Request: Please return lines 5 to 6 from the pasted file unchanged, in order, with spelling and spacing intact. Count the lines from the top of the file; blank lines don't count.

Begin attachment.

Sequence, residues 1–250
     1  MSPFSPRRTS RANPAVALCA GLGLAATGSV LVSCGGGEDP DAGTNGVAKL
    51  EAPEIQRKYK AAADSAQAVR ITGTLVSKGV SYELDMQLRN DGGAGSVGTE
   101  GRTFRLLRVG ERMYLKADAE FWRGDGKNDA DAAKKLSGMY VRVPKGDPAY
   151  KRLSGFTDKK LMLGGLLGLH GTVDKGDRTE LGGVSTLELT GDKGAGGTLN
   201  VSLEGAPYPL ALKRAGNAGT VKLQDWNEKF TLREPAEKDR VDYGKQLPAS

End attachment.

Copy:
   151  KRLSGFTDKK LMLGGLLGLH GTVDKGDRTE LGGVSTLELT GDKGAGGTLN
   201  VSLEGAPYPL ALKRAGNAGT VKLQDWNEKF TLREPAEKDR VDYGKQLPAS